Arnica (Arnica montana)
Energetics: very warm/dry
Therapeutic Actions: anti-hematoma, anti-inflammatory (ultimately), counter-irritant, immune-stimulant
I may have mentioned it in this blog before. I am clumsy. I am all elbows, knees, and forehead. My spatial awareness is questionable at best. On my second date with my now husband, I tripped over a slight, and I do mean slight, lip in the sidewalk – bloodying my toes, palms and badly bruising my knees. Can I also add that this was heading into the date? As in, before any adult beverages were consumed in any way. Just me, being me. Bloodied and bruised in sandals and a sundress – all by my own doing.
Also, have I mentioned that at least two of my daughters have also inherited my, errrh, grace?
Needless to say, I have a well stocked herbal first aid kit. Perhaps the herb nearest and dearest to my heart, ahem -knees, is arnica. Because arnica is an accident prone herbalist’s best friend.
Arnica Medicinal Benefits
Arnica is best known as a remedy for trauma. This herb works by speeding blood flow to an area of application, prompting the immune system to clear damaged tissue and start “repair work”. It is wonder herb where red and blue bruising is visible on the surface almost immediately after sustaining an injury. My personal experience is that helps to clear a bruise in a fraction of the time normal healing takes – without that awful yellow-green stage of healing. It is also a frontline herb for instances of muscle strain and minor sprains, decreasing swelling and pain. I have a few runners as clients that swear by liniments and salves that include this herb for addressing shin splints. Herbalist Matthew Wood recommends this herb for chilblains (the painful inflammation response of the skin upon exposure to the cold).
Traditionally homeopathic arnica is used for shock and stroke, but please note these instances are a medical CRISIS and warrant immediate medical attention. Do not hesitate for a moment to seek emergency care.
Arnica Safety and Dosage
Arnica is for external use or as a homeopathic remedy, ONLY. Do not consume this herb unless as a homeopathic preparation (please see packaging instruction for proper homeopathic dose). Do not apply this herb to broken or rash-y skin.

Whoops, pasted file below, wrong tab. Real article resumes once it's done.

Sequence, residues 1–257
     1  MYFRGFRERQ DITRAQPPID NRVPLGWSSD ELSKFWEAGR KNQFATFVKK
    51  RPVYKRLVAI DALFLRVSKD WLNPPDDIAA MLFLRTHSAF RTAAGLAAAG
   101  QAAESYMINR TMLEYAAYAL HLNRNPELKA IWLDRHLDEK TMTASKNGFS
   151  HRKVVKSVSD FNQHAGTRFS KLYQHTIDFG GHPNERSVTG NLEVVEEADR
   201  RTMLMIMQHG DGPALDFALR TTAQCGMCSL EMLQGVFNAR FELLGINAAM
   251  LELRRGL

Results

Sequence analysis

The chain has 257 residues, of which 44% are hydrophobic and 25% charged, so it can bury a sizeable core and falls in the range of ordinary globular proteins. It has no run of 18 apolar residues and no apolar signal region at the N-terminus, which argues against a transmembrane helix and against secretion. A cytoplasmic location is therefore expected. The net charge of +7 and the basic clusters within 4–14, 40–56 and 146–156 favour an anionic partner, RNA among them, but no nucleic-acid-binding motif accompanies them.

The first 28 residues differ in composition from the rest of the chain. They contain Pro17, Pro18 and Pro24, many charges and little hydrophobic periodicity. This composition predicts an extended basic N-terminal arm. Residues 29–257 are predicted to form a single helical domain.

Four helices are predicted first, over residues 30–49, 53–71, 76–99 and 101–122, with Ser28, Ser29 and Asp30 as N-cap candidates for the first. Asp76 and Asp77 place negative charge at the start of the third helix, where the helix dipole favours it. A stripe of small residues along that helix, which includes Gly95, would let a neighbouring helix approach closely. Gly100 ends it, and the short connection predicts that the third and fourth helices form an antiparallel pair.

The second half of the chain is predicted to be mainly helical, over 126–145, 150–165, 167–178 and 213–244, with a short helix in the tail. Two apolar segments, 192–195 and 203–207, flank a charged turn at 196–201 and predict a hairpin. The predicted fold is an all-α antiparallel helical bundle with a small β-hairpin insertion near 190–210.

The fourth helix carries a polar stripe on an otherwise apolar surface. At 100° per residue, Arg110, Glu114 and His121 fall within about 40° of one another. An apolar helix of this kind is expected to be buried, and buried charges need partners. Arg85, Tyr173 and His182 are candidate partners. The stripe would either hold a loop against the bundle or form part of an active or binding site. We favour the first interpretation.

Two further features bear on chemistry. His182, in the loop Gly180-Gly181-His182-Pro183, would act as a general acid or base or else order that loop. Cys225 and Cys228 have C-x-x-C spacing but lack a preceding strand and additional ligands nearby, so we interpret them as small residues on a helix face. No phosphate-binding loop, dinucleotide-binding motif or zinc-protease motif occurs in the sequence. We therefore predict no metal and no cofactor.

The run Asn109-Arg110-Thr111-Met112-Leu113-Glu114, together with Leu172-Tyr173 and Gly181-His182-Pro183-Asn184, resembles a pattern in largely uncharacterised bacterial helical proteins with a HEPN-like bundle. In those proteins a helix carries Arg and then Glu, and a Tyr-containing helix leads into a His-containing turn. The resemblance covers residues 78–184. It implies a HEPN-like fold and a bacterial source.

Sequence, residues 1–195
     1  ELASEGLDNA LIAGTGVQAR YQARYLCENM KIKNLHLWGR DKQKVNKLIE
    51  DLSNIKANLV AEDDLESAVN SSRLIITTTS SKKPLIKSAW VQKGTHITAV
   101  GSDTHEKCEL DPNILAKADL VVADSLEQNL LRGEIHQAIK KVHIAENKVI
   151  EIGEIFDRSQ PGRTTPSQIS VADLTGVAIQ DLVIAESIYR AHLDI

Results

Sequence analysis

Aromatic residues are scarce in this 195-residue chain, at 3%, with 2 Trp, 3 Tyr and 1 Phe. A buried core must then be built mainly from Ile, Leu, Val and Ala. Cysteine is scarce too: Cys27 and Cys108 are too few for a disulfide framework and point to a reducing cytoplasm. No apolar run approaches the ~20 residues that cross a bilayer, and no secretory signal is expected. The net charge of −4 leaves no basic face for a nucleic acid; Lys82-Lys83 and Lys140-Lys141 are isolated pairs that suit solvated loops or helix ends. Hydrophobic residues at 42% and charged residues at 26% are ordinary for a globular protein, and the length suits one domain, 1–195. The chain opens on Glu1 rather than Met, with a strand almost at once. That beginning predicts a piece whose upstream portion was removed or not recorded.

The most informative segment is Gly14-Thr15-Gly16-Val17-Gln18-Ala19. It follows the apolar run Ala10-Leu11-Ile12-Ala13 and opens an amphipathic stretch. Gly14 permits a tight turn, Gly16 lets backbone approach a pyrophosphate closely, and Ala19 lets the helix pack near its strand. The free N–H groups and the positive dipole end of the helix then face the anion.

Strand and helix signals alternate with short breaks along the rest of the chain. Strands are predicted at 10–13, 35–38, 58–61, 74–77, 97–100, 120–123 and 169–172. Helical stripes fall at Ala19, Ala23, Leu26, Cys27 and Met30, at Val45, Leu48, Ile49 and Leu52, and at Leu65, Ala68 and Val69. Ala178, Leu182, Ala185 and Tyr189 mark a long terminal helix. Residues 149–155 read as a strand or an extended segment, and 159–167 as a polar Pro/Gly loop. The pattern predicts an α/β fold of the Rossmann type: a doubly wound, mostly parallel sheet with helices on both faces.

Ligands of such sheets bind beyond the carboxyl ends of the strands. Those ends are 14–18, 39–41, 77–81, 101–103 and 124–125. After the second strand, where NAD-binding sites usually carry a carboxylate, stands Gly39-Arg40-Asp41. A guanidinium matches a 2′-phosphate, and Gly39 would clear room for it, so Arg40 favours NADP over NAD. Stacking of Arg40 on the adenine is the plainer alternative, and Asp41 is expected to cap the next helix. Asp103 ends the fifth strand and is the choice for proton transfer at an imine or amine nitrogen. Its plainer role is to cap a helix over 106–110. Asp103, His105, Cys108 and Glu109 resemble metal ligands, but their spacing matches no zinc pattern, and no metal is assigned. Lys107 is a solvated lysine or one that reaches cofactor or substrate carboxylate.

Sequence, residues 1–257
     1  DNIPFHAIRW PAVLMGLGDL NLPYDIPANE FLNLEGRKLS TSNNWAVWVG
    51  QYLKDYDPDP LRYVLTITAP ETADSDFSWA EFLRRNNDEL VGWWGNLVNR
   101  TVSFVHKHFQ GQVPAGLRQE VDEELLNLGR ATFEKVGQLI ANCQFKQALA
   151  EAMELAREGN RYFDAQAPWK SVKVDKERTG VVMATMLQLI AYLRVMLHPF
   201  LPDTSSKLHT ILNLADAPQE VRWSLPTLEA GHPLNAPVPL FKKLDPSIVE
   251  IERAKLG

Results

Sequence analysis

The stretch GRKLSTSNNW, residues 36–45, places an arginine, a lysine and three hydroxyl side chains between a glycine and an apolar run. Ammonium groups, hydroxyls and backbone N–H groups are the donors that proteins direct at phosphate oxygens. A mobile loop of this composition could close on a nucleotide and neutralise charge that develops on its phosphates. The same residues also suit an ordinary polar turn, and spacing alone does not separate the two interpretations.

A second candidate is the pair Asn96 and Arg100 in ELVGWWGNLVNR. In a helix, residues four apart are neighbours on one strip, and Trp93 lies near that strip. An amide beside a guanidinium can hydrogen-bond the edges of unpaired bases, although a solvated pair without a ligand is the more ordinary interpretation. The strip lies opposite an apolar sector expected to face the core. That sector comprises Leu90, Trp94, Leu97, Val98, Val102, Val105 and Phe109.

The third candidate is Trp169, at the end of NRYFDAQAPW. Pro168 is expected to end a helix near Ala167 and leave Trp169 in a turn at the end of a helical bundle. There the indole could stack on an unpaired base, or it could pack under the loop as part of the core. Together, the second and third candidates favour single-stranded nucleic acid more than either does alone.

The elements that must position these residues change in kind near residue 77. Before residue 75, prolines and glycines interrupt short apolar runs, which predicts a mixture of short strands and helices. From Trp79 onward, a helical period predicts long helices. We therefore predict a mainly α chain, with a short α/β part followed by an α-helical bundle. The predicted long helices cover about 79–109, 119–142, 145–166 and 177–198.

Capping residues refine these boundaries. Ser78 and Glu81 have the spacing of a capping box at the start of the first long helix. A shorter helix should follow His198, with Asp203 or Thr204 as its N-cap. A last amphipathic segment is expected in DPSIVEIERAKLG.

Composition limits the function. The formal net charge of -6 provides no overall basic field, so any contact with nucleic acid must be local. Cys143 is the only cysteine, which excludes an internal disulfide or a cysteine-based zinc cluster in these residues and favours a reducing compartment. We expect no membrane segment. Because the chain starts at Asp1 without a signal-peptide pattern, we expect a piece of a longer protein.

Arnica is best administered immediately following an injury. This is a highly warming and stimulating herb. If time has elapsed from injury and significant swelling is observed, use this herb when warm treatment is warranted (i.e. if alternating cold and hot packs, use during the “warm” cycle).
Arnica is considered an alpine or mountain herb, and herbaceous perennial generally found between 3500-10,500 feet in elevation. It has a bright, sunny, daisy-like yellow flower. The green leaves are ovate, opposite, and slightly fuzzy on their upper surface; the stem is hairy and striated. The hairs are highly irritating; avoid inhalation.
There are many species of arnica. Of these, though, A. montana is considered the most medicinally valuable.
Arnica for Bruising, Strains & Sprains
My well outfitted herbal first aid kit includes an economy sized tub of this salve. I infused olive and sunflower (also great for trauma) with dried arnica, and if I am so inclined a bit of St. John’s wort too (another great trauma herb). A small amount of wintergreen, helichrysum, and geranium essential oils are optional, but add a bit more proverbial muscle to this already highly effective salve.
Please note: take special care not to inhale the irritating fibers when handling dried arnica.
Arnica Salve for Bruising, Strains & Sprains
Arnica is the ultimate first aid herb for bruising, sprains, and strains. This salve is ideal for the accident prone and active athletes alike!
- 1 cup base oil of your choice I like one part olive oil to one part sunflower oil for this salve
- 1/2 cup arnica flowers dried
- 1/4 cup St. John's wort fresh but wilted if possible; dried is fine too
- 3-4 tablespoons beeswax pastilles
- 48 drops wintergreen, helichrysum & geranium essential oils optional; I like 12 drops wintergreen w/ 18 drops each of the other eo's
Combine base oil and dried herbs in a jar with a tight-fitting lid. Place in a small crockpot with water to the fill height of the jar. Infuse on the lowest setting heat for 24-48 hours. Alternatively, the oils can infuse without heat for six weeks, or rapid infuse in a double boiler over for 30 minutes.
After oil is adequately infused, strain through muslin or cheese cloth. Return oil to a double boiler, add beeswax, then warm until completely melted. Remove oil/beeswax mixture from heat. Add essential oils.
Pour into individual 2-ounce containers (approximate 4) or other similarly sized jars. Allow to cool completely before putting a lid on the jar.
Hoffmann, D. (2003). Medical herbalism: the science and practice of herbal medicine. Rochester, VT: Healing Arts Press.
Wood, Matthew. (2016). The earthwise herbal repertory: the definitive practitioner’s guide. Berkeley, CA: North Atlantic Books.